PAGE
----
DC Universe's Titans series depicts a much darker world than the animated shows about the same characters, and now it's confirmed that Dick Grayson's Robin was a killer, even as Batman's sidekick. The question of vigilante brutality has been a big issue in recent years, especially since Ben Affleck's portrayal of the caped crusader in Batman v Superman: Dawn of Justice, and Titans certainly makes bloody fights and questionable violence central to its plot.
The first season of Titans largely revolved around Dick Grayson's Robin and his struggle to get out from under Batman's shadow. The first episode revealed Robin was hardly the happy go lucky Boy Wonder fans might be familiar with, brutally attacking a gang of criminals, proving he's not your mamma's Robin with his infamous "F*** Batman" line.
While Dick struggled with violence in the show's first season, it always seemed clear there was a line Robin tried to avoid crossing, even if he was more brutal, the show didn't explicitly show him crossing that line. The closest he ever got was when he chose to allow his parents' murderer, Tony Zucco, to be killed when he could have stepped in to prevent it. However, that line might not be as firm as fans were led to believe, as Titans season 2 indicates Robin wasn't so hesitant to take a life after all.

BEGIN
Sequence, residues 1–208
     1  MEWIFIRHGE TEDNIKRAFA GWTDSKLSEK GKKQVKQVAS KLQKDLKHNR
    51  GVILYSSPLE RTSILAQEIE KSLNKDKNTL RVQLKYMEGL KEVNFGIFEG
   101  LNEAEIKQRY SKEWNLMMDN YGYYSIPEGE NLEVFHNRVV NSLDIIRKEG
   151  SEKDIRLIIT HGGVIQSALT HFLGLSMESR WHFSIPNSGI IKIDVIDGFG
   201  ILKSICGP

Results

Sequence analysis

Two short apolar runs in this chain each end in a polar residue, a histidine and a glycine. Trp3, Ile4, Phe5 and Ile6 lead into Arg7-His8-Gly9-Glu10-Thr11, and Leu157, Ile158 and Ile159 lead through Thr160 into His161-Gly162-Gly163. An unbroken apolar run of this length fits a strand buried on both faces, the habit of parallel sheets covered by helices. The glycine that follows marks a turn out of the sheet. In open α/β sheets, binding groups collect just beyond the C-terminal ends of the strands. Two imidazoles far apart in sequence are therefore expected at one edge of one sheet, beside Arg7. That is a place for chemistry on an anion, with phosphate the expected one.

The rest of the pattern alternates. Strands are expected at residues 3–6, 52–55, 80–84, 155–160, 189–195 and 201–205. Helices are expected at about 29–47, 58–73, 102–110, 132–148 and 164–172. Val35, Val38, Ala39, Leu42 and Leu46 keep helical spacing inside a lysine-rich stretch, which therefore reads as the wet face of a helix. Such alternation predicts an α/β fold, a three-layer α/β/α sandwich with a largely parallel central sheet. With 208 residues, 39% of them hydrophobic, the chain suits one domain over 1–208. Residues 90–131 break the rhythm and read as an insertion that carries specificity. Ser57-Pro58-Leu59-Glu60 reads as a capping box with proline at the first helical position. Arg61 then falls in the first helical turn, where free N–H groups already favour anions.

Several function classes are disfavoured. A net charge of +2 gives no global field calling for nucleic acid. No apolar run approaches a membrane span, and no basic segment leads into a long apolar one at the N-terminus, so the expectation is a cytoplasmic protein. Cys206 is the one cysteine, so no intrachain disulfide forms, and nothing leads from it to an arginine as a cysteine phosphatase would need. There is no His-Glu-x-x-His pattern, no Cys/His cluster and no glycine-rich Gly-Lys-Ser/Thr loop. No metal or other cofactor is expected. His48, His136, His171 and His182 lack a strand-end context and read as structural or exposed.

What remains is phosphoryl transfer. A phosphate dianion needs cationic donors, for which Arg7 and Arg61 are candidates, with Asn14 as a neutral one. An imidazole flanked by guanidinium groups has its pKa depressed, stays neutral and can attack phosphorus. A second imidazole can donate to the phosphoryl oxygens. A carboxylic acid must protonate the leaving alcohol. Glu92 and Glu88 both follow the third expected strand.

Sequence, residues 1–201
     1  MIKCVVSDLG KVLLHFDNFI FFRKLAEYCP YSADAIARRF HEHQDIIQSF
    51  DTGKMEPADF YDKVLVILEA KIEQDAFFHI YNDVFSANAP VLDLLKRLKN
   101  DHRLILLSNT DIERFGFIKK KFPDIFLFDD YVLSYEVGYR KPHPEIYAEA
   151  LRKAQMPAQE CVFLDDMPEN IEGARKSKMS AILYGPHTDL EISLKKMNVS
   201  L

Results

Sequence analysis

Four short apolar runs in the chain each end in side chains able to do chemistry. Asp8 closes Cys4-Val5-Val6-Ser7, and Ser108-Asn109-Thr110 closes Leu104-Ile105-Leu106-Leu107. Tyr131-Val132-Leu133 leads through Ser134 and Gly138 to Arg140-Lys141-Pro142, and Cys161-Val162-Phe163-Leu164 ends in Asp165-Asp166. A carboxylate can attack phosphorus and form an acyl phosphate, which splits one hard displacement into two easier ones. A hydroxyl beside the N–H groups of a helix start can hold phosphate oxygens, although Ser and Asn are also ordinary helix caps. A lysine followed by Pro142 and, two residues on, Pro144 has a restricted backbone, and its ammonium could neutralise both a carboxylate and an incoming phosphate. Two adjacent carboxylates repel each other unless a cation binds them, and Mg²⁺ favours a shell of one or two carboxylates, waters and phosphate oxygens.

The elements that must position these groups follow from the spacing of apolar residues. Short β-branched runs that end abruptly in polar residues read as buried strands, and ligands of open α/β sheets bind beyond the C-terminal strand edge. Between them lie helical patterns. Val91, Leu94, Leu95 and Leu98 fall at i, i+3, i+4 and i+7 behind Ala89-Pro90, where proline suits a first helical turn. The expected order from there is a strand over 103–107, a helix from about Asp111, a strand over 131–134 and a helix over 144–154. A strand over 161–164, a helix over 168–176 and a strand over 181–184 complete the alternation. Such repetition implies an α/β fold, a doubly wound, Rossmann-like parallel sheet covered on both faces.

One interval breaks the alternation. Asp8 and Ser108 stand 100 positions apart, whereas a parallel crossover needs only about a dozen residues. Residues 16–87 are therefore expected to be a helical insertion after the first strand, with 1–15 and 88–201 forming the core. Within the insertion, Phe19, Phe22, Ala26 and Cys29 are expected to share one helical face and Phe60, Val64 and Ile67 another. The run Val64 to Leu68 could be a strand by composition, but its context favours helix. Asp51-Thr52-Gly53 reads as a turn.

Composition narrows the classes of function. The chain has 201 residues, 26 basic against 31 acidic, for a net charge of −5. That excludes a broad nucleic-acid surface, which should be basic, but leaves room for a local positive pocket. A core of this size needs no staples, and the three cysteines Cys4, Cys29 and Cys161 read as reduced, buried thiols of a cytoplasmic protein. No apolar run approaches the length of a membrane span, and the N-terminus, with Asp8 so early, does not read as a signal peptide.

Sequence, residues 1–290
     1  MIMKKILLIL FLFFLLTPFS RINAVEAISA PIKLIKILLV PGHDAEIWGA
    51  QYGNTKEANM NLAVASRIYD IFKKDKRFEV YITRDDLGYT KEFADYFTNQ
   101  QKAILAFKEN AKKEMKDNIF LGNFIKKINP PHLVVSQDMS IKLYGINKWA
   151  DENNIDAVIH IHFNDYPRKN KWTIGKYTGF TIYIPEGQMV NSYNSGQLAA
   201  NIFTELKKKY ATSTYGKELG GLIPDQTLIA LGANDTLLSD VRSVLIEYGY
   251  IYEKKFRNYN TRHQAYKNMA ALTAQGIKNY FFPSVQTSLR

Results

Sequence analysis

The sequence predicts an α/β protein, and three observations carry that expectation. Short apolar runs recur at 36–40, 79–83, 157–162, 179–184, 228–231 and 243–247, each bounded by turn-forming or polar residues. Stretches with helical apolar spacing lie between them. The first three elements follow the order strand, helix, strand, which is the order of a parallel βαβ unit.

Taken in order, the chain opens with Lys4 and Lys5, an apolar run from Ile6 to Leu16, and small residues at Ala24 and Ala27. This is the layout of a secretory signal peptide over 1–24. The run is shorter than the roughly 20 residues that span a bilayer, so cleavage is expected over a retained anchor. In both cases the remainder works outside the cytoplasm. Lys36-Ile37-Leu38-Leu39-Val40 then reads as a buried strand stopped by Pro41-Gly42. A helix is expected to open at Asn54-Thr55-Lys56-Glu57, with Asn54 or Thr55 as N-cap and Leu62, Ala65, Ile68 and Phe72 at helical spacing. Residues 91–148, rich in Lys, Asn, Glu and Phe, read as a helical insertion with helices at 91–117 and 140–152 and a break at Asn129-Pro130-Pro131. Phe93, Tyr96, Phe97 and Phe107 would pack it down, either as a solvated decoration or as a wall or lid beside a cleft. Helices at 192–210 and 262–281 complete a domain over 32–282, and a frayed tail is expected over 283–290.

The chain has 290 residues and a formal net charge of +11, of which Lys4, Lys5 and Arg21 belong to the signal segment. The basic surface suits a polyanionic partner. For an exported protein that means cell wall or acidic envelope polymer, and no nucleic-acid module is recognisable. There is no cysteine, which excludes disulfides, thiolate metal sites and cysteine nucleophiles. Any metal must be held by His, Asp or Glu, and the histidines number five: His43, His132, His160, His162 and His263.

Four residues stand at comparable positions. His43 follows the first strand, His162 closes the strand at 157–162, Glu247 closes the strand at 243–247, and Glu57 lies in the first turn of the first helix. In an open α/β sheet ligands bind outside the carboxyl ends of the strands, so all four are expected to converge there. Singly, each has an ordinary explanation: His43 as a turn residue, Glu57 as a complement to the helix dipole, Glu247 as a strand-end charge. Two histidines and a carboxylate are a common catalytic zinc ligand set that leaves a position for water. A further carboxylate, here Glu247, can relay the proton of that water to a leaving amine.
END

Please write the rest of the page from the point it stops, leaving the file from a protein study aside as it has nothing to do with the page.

While attempting to capture a recently escaped from prison and powered up Doctor Light, Robin hesitated to apprehend him when he's distracted by an approaching bus. After returning to Titans Tower, Hawk accuses Robin of going soft, "you had a chance...maybe you've lost the taste for how this works...the old robin would have taken the first [shot]."
The implication here is clear: when forced to make a choice between completing a mission and saving lives, Hawk thinks "the old Robin" wouldn't have hesitated. Whether this would have meant sacrificing innocent civilians on the bus to apprehend Doctor Light, or killing Doctor Light to complete the mission and save the civilians, it's clear Hawk believes Robin would have made one of those choices instead of allowing him to escape altogether, which is arguably even more egregious than when he allowed Tony Zucco's assassination.
Given, Hawk believes even more people will die now that Light is powered up and on the loose, meaning it may not be a decision between life and death so much as a decision to control the body count. While Batman and Robin in the comics have had blood on their hands at various points (even killing isn't entirely off-limits), they're also traditionally known for their attempts to prevent death altogether, something this Robin is a clear departure from.
The world of Titans certainly strives to be a more grounded take on the mythos, meaning idealistic comic book stories where superheroes are confronted with a Sophie's choice and still come out without bloodshed just might not be as realistic as it is on the pages of a comic, bringing to mind Zack Snyder's recent statement about Batman's violence in Batman v Superman: Dawn of Justice.
Whether Robin's hesitation will ultimately cause more death as Hawk says, or the heroes will be able to miraculously apprehend Light without significant bloodshed remains to be seen, but the old Robin that would have accepted such losses is gone, as Dick Grayson tries to separate himself from his bloody past without compromising his ability to save people.